First Aerial Images of Earth’s Biggest Icebergs That are ‘On The Run’
The first-ever aerial images of the Earth’s two biggest icebergs that broke off from Antarctica’s Ice Shelf have been published. Each could take decades to melt.
On March 13, the British Antarctic Survey (BAS) published aerial photographs and footage of the two enormous icebergs.
Scientists are closely tracking the two icebergs that are currently “on the run” and pose a threat to shipping, fishing, and wildlife.
The Size of London
One of the icebergs, called the A81 iceberg, broke off or “calved” from the Brunt Ice Shelf in late January.
The A81 iceberg measures 1,550 square kilomeeters which is approximately the same size as Greater London in the U.K. It is now floating approximately 93 miles (150 kilomeeters) away from where it began, after spinning around and heading south.
This is the first time the A81 iceberg has been photographed aerially. The images show the dynamic nature of the iceberg surrounded by smaller icebergs that also broke away.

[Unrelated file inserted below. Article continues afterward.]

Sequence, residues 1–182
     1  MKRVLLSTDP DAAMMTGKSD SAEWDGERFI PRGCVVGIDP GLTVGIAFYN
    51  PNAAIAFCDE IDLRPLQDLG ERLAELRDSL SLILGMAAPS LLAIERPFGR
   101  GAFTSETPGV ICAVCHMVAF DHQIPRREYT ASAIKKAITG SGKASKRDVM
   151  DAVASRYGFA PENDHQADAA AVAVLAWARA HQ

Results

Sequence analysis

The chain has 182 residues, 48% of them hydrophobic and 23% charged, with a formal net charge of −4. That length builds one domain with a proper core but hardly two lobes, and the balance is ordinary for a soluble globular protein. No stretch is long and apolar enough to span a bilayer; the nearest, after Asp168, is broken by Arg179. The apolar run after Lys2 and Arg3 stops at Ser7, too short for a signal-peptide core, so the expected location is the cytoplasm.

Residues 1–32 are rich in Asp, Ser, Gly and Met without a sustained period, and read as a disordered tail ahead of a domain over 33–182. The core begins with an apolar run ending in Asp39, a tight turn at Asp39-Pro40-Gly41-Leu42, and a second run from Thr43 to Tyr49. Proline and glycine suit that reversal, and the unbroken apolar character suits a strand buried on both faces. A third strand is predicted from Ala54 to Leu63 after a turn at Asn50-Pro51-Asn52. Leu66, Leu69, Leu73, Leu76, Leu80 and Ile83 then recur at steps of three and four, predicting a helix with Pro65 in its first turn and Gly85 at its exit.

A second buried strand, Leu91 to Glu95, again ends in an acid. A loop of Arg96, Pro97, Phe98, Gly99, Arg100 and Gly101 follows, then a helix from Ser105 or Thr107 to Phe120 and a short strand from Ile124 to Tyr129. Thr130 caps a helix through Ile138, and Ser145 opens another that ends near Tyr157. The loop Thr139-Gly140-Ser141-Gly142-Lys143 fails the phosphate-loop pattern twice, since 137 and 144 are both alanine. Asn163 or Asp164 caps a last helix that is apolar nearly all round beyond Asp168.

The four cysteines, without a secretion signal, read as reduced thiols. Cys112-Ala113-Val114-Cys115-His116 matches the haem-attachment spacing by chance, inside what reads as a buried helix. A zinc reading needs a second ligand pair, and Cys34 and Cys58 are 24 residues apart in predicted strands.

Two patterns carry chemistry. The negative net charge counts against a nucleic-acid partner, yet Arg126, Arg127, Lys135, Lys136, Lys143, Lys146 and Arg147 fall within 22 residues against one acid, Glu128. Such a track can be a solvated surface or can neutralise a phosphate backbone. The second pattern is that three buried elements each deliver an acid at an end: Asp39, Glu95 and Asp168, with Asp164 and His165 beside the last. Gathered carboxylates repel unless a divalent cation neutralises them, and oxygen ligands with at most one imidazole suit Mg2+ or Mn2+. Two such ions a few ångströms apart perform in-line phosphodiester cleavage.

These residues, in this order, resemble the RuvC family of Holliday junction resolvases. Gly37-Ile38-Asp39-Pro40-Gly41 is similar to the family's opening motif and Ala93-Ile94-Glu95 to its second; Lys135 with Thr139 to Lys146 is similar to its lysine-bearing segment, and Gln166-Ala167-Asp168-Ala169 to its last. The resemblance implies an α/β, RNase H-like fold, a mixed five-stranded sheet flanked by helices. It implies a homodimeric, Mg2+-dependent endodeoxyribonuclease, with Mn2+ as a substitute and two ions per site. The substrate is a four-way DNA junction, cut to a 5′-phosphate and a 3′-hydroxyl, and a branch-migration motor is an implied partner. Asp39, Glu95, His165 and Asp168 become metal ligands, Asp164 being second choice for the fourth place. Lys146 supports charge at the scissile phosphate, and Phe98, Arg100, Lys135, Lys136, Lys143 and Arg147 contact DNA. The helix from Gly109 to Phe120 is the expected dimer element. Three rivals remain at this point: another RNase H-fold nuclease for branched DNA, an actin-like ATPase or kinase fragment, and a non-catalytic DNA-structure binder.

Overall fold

The Largest Floating Iceberg on Earth
Meanwhile, the A76a iceberg is almost twice its size and is the largest floating iceberg on the planet. The A76 measures approximately 3,200 square kilomeeters and is shaped like a giant ironing board.
The large chunk of ice is the largest one of three pieces from the A76 iceberg which broke away from the Filchner-Ronne Ice Shelf in May 2021. According to the BAS, the A76a iceberg is heading towards the gap between the British overseas territories of the Falklands and South Georgia.
There are concerns that the A76a could move east towards South Georgia and get stuck in the shallow waters of its continental shelf, or potentially head for the nearby islets known as Shag Rocks.
Enormous icebergs like the A76a and A81 can take decades to melt and disappear, so they will be a potential threat for some time yet.
When icebergs melt, they inject huge volumes of fresh water into the sea, disrupting the ecosystem for some organisms. The melting also releases mineral dust from when it was part of an Antarctic glacier. This dust is a source of nutrients that will spur life in the open ocean.
As well as the ecological impact, icebergs in the South Georgia region can present a great risk to local vessels.
Image credits: All photos by British Antarctic Survey (BAS).